Documentary, English, Film, Review

The Argumentative Indian

The Argumentative Indian tries to bring the great man, Amartya Sen, across to reach the layman who knows the name, the face and the greatness attached to him but does not understand the complexities of Welfare Economics and Social Welfare Theory that fetched him the Nobel Prize in Economic Sciences in 1998. Perhaps it has been easier for filmmaker Dr Suman Ghosh to make the film than it would have been for a normal filmmaker because Dr Ghosh is an economist himself who teaches at the Florida Atlantic University.

Ghosh effectively blends the personal evolution of Amartya Sen and his theories as an Economist and Philosopher fluidly in a manner that one can relate to Sen’s evolution and teachings and carry something home to ponder over, to wonder about and to be influenced by. The film, traces his early boyhood in Manikganj in Bangladesh with his shift to Dhaka ,where his father was a professor, and then to Santiniketan where he lived with his mother and maternal grandfather, Acharya Kshitimohan Sen, a close associate of Rabindranath Tagore. The film is held by the thread of two interviews conducted by famous economist and former student of Sen, Dr. Kaushik Basu, Professor of Economics at Cornell University and Chief Economic Advisor to the Ministry of Finance, Government of India, filled with complex technical comments on Economics with a 15-year gap between the two conversations. The intercutting,  often showing Sen writing several formulae on a black board to explain some of them to his students, may sound obtuse to most of us but they do offer us a glimpse into the mind of this genius.

The film shows eminent Nobel Laureates like the late Professor Paul Samuelson speaking into the camera alongside Nobel Laureate Kenneth J Arrow and Timothy Scanlon, Professor, Harvard University talking about Sen into the camera. Among others interviewed are Dhiresh Bhattacharya, Sen’s professor at Presidency College, Professor Sugata Bose, Gardiner Professor of Oceanic History and Affairs at Harvard who teaches a course with the Nobel Laureate and Sen’s late mother, then 92 when the first film was made, who is quoted by Sen as saying that she did not believe him when he called up to inform her that he had won the Nobel Prize! Former Indian Prime Minister Manmohan Singh says, “He is a puzzle to me.”  while Dhiresh Bhattacharya elaborates, “Presidency College played a minimal part in his winning the Nobel Prize. Cambridge gave him a different language, a different way of thinking and a different approach to the subject.”

The camera (Shirsha Ray, Slawomir Grundberg, Jason Longo) scans the vast geographical canvas of Sen’s world opening with his teaching a class at a University abroad, panning to capture the statue of Mahatma Gandhi, through the open fields of Santiniketan touching two little boys running across the fields, to the Ashrama at Santiniketan and across the murals on the walls to a brief glimpse into Pratichi. There are scenes of College Street along Presidency College, shots of Sen walking down the green fields of Trinity College near Cam Lake, Cambridge as the camera meanders across figures of Alfred Lord Tennyson, Francis Bacon and so on, capturing the essence of his nostalgic account of the beginning of his stint as Master at Trinity College which he served from 1998 to 2004. The film also has touches of his sense of dry, British humor while the humility of this great mind takes the viewer by surprise. The music is kept deliberately low-key and offers a sound backdrop to what is happening within the film and what the subject is doing.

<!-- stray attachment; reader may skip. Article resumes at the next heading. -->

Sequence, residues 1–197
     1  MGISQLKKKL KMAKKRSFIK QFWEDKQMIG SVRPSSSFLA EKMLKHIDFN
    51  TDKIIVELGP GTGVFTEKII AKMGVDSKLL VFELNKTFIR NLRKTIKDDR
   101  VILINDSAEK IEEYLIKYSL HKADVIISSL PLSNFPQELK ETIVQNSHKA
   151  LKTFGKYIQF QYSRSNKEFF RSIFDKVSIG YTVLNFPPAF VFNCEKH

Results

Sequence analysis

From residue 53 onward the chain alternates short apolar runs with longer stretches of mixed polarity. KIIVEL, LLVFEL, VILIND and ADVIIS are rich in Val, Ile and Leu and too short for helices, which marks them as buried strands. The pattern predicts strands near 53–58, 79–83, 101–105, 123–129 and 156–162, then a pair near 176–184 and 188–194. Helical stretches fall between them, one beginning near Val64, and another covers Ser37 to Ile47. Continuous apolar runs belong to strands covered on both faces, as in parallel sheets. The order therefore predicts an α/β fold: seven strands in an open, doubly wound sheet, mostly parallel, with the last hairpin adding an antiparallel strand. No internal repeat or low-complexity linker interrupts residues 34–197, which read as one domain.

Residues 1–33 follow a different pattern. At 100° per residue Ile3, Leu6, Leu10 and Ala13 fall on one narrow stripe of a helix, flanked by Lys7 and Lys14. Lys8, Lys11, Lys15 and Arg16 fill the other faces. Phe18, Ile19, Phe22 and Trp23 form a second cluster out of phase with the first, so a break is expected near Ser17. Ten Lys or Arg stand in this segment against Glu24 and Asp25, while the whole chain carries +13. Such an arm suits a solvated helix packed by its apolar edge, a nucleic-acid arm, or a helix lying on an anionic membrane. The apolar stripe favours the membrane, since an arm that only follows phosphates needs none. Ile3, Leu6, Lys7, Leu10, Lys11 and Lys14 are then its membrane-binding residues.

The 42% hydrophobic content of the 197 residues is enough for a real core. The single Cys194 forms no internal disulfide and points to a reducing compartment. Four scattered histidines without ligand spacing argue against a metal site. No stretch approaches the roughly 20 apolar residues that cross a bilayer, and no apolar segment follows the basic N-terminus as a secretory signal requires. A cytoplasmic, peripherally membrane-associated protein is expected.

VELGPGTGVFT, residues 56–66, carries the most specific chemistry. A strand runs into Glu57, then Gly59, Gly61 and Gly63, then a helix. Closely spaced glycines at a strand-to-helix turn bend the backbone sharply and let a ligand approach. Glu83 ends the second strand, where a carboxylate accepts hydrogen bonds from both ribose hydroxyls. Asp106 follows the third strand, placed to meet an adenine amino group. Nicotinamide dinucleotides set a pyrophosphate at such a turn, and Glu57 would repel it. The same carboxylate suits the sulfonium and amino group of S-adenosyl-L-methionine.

The most shocking revelation the film makes is Sen’s nostalgic but very objective detailing of his battle with cancer at the tender age of 18 when he was in college. “I detected a swelling in my mouth, a nodule in my palette, which the first doctor I went to could not detect. The experts at Medical College Hospital advised that it be cut off immediately, which I did not listen to. A medical student who was my hostel room-mate said it might be carcinoma. I began to read up and diagnosed my condition precisely as proved soon after in a biopsy conducted at the Chittaranjan Cancer Hospital. This self-diagnosis was very important for me. It opened up the possibilities inherent in the process of reading. I had diagnosed my illness only on the basis of my reading. I was seeing myself more as an agent than as a patient. For one year, I had to undergo radiation. It was unknown then because the Hiroshima bombing was just eight years old and few were aware of the effects of radiation then. It was a time for reviewing one’s vanity. It was a challenge I had to face. I had a kind of aggressiveness about it which was important for me,” says Sen. He was given five years to live and with 49 years gone (when the film was made in 2002), he is still alive. He adds that he went through depression during the illness because it cost him a year’s loss in academics. His mother (since deceased) said that as she was a believer while her son was not, she left everything to God.

While providing a fascinating journey into Sen’s mind, this viewer, however, felt the lack of an insight into Sen as a husband and father though, there are ample references to his close bonding with his mother and with Santiniketan. This is a common truth that applies to most biopics of great personalities. Does this mean that their greatness in a given field subsumes the basic human being as husband, father, brother and so on? One would think not.


English, Documentary, Color

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